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Susan Grant
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Thank you for your kind review of my article. Below is a general answer to your question: Although the Investment Advisers Act contains a prohibition against RIAs charging a client a performance fee, based upon the belief that such a fee could encourage the RIA to make riskier investments, there are a number of exceptions, which are set forth in Rule 205-3 under that law. The exceptions are generally applicable for sophisticated clients, because the SEC believes that they could adequately protect themselves from that risk. One of those exceptions is a performance fee based upon a stated percentage of appreciation in the account’s assets, which is what you seem to be asking about. First, clear, prominent disclosure of all of the relevant aspects of the performance fee is a must. In terms of what type of client could be charged a performance fee, Rule 205-3 requires the client to be a “qualified client.” Thus the client, which could be a natural person or a company (but not a private fund relying on the registration exemption contained in Section 3(c)(1) of the Investment Company Act, a registered investment company [mutual fund] or a business development company), would have to meet one of the following three criteria: (1) the client has to have a minimum of $750,000 under management with the RIA right after signing the advisory contract with the RIA; (2) the RIA must reasonably believe that the client either has a net worth of over $1.5 million at the time the contract is executed or is a “qualified purchaser” under Section 2(a)(51)(A) of the Investment Company Act; or (3) the client is a natural person who, immediately before signing the advisory contract, is a senior person of the RIA or is involved with the investment activities of the RIA or another company. If the client is a company, there may be a need to look to the owner, if that, too is a company, to determine if it also meets one of these criteria. In addition, there may be state laws or rules, ERISA requirements and FINRA requirements, depending on the RIA and client involved. As to whether charging a performance fee increases an adviser’s liability/exposure in any fashion, there is no definitive answer to that, but my opinion is that, with all other things being equal in the business of two RIAs, a regulator would likely opt to examine the one that charges a performance fee over the one that charges a more standard fee based upon AUM.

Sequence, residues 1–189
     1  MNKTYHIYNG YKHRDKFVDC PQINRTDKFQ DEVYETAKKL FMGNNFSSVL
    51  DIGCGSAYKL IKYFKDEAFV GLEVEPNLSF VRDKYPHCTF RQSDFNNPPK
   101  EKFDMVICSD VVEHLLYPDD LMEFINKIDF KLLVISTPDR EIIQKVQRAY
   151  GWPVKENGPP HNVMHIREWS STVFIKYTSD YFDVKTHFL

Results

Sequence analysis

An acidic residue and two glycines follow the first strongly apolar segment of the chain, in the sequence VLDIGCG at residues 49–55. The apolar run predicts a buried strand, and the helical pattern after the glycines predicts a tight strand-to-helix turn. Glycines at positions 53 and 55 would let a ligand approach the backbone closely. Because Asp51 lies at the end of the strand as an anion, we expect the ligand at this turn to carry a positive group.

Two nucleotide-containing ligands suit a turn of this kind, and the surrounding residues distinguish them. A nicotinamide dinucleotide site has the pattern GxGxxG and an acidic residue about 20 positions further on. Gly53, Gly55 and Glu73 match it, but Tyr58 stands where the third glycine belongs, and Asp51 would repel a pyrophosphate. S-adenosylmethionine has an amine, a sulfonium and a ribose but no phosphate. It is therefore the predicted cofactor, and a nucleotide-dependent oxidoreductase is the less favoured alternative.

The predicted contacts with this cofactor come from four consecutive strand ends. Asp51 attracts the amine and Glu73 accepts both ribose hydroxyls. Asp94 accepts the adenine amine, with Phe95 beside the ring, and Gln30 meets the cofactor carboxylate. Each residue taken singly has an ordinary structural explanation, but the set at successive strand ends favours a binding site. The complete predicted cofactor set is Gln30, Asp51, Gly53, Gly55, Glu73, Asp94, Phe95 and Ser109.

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Aug 17, 2010